The Trend Is Not Your Friend
The comments below are an edited and abridged synopsis of an article by Jim Kunstler
The collapse of China-US trade negotiations may mark the day that the global economy died. The orgy of bargain shopping ran about 30 years, with China pumping out cheap consumer goods to feed the US customer. Americans payed for it with IOUs and thought it would last forever.
But energy flows dictated capital flows. By the mid-1980s, the non-OPEC world was swimming in oil from the Alaska North Slope and the North Sea. Twenty years later, they were running out. Meanwhile, the US had offshored its factories in the (mistaken) belief that it had entered a new digital economy of virtual business. China became the world’s workshop, and the US became the world’s financial bucket-shop. The result was the financial crisis of 2008, which coincided with oil rising to over $140 a barrel (six months later it crashed, with the economy, to under $30).
The recovery from that was based on Wall Street’s premier swindle: shale oil, based on high-risk lending to companies that couldn’t make money even while exceeding the 1970 oil production peak of around 10 million barrels a day.
The China-US trade impasse will crash the US economy, and it will also crash the price of shale oil back to levels that destroy oil companies. The rise of shale was swift, and its fall will also be fast. The Feds may have to bail it out or nationalize it: not so good for the US dollar.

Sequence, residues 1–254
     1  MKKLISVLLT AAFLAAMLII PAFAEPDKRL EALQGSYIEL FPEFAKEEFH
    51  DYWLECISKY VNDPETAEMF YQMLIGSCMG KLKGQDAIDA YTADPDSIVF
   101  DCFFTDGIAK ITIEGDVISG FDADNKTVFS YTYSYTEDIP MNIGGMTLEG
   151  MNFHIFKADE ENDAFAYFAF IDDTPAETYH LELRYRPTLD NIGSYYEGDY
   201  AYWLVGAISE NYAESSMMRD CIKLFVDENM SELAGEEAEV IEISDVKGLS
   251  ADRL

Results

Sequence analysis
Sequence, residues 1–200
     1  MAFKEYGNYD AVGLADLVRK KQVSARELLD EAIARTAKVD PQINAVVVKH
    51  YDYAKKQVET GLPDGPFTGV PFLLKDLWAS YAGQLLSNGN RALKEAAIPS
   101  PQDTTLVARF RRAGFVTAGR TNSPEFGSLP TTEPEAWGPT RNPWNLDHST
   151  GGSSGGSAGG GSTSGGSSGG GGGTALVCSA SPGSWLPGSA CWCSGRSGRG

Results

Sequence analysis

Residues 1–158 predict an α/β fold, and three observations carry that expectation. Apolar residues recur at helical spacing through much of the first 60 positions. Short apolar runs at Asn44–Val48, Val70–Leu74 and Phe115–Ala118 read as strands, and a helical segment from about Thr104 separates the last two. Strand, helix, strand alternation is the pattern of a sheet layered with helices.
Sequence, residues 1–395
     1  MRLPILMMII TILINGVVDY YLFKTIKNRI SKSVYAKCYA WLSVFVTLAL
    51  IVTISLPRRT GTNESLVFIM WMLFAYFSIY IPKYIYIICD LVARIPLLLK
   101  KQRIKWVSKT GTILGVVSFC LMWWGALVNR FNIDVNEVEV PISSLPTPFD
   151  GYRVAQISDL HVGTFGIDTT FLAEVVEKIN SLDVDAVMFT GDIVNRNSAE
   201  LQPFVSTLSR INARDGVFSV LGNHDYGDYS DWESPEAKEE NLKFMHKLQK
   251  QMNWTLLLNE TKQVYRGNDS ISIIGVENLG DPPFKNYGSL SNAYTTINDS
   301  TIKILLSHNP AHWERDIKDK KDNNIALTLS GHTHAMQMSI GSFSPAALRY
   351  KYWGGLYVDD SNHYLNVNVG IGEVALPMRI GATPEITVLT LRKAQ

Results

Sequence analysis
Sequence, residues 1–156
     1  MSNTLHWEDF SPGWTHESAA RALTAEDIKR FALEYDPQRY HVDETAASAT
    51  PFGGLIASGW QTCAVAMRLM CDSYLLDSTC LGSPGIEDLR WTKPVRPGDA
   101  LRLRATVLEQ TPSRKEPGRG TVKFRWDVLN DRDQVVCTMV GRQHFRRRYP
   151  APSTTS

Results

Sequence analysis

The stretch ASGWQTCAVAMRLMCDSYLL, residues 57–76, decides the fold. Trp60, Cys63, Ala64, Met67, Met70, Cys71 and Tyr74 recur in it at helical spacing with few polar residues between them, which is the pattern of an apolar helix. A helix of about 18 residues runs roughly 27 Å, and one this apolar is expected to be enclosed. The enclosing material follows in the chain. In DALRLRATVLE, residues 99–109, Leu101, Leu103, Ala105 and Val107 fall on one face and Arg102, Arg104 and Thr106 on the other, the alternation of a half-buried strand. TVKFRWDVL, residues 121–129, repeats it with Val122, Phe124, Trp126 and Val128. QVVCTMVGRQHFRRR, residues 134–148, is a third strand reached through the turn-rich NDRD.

The China-US trade relationship cannot be repaired. The conflict set in motion will unleash an animus against the US that has been building for years. The Fed has painted itself into a corner with interest rate suppression and market manipulations. Bad weather in the American breadbasket says rising food prices, and less to export (or give away).
There is enough tension in the world as it faces not just the end of a global trade fiesta, but a world-wide synchronized economic depression. This is the one from which there will be no recovery, only adaptation to lower standards of living and new arrangements for getting by. In other words, the contraction will be permanent.